The Song of Songs in European Poetry (13th-17th Centuries): Translations, Appropriations, Rewritings
The Song of Songs in European Poetry (13th-17th Centuries)
Translations, Appropriations, Rewritings
University of Padova, 29-30 June 2020
Traditionally attributed to King Solomon and defined by Rabbi Akiva as the “Holy of Holies” among the sacred scriptures (Mishnah Yadayim 3:5), the Song of Songs is one of the most fascinating and controversial Biblical books. Fervently read and carefully explained, celebrated as a key to the supreme mystery of the union between God and men, the Song of Songs, the primary source for the Christian pervasive metaphor of the sacred marriage and eros, was a text crucial not only to the Middle Ages, but also to the Renaissance period. This ambivalent book, which combined a sensual celebration of love with a well-established tradition of allegorical interpretation, held a particular appeal for poets. While its scriptural nature and exegetical reading allowed the text to function as a source of symbolically and allegorically charged images, the Song of Solomon stood up as one of the few Christian alternatives to classical love poetry, and was therefore destined to play a significant role in the shaping of European poetry from its very beginning.
Part of an ongoing project conducted by Camilla Caporicci at the University of Padova, funded through the MSCA (Marie Sklodowska-Curie Actions) Seal of Excellence@UNIPD Initiative, this conference aims at exploring the complex and multifaceted processes through which the Song of Songs entered, influenced and interacted with late medieval and Renaissance European poetry (13th-17th centuries).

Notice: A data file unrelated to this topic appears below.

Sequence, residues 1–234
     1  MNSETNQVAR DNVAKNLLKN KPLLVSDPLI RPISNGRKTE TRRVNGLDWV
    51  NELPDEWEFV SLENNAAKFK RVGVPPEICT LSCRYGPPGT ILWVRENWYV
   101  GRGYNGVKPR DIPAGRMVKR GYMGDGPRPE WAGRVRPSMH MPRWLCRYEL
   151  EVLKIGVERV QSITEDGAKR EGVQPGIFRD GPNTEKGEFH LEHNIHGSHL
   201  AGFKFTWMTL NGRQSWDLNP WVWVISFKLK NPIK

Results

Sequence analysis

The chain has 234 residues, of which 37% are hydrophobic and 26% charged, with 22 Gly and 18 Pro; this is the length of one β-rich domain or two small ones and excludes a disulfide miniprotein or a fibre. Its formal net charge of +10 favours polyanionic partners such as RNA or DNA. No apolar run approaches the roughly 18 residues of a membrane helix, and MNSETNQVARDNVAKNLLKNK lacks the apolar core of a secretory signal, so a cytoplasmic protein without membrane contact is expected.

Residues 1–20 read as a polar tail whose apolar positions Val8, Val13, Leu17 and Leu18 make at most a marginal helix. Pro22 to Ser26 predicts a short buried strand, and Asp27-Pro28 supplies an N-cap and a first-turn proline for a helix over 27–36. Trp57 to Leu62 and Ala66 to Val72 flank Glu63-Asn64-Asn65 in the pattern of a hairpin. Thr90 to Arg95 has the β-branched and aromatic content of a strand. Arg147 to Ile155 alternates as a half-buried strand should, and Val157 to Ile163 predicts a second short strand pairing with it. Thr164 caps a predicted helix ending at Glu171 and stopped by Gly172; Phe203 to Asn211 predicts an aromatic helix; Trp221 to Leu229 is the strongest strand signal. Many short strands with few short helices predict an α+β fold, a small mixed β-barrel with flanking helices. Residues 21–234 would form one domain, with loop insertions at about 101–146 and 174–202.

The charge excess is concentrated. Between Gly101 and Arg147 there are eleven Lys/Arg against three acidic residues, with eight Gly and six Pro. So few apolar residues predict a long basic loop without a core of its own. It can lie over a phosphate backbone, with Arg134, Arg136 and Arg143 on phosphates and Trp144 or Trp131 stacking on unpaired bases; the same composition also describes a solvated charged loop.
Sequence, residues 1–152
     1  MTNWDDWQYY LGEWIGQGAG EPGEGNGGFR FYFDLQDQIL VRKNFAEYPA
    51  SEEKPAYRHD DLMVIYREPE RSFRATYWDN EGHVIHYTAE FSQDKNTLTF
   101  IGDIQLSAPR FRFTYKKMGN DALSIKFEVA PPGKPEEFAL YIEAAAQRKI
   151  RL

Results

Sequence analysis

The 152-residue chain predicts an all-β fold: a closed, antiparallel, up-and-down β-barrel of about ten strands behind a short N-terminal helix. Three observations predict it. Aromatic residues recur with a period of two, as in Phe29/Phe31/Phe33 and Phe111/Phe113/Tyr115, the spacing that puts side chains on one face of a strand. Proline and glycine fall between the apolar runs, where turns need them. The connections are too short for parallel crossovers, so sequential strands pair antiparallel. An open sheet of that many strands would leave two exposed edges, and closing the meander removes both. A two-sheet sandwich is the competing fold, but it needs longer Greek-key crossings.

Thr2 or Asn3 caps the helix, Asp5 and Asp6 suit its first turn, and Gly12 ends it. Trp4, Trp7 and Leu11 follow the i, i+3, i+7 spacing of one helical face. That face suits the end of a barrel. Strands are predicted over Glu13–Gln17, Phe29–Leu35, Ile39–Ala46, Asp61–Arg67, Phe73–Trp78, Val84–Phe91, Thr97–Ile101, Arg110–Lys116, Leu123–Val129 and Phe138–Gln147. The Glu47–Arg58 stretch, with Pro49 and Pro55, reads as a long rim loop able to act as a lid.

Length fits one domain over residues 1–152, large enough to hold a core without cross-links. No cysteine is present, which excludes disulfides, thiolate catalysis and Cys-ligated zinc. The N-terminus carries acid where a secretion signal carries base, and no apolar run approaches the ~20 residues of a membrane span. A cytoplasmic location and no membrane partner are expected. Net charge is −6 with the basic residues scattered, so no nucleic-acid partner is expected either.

We welcome 20-minute paper proposals on (but not limited to) the following topics:
- verse translations and paraphrases of the Song of Songs
- the employment of the Song of Songs in the tradition of mystic writings
- the use of the Song of Songs in religious poetry
- the role of the Song of Songs in the development of European lyric poetry, particularly the sonnet tradition, with special attention to the ambivalent relationship the text establishes with courtly and Petrarchan codes
- the influence exercised by the Song of Songs on pastoral poetry
- the persistence and evolution of specific Song-related topoi (e.g. the black but beautiful beloved; the woman as flower, fountain and garden enclosed; the syntactic topos of the descending description…)
- the gender-related dynamics characterizing the poetic appropriation of the Song of Songs by female poets, or in homo-erotic texts
- the philosophical and religious implications of the poetic use of the Song of Songs, examined in relation to coeval paradigms of thought
- the politico-religious poetic employment of the text, with particular reference to the Catholic-Protestant debate